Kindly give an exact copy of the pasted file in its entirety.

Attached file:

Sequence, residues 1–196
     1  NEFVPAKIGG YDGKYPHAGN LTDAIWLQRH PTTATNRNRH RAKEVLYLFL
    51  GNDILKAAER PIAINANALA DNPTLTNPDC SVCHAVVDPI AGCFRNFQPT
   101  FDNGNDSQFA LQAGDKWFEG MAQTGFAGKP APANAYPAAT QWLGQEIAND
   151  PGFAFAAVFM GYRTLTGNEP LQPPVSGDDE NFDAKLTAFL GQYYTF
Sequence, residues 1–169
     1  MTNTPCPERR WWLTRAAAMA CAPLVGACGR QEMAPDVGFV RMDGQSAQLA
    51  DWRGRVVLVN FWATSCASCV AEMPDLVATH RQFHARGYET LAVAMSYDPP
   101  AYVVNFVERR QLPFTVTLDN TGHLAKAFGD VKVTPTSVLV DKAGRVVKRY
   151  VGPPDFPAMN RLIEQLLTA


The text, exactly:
Sequence, residues 1–196
     1  NEFVPAKIGG YDGKYPHAGN LTDAIWLQRH PTTATNRNRH RAKEVLYLFL
    51  GNDILKAAER PIAINANALA DNPTLTNPDC SVCHAVVDPI AGCFRNFQPT
   101  FDNGNDSQFA LQAGDKWFEG MAQTGFAGKP APANAYPAAT QWLGQEIAND
   151  PGFAFAAVFM GYRTLTGNEP LQPPVSGDDE NFDAKLTAFL GQYYTF
Sequence, residues 1–169
     1  MTNTPCPERR WWLTRAAAMA CAPLVGACGR QEMAPDVGFV RMDGQSAQLA
    51  DWRGRVVLVN FWATSCASCV AEMPDLVATH RQFHARGYET LAVAMSYDPP
   101  AYVVNFVERR QLPFTVTLDN TGHLAKAFGD VKVTPTSVLV DKAGRVVKRY
   151  VGPPDFPAMN RLIEQLLTA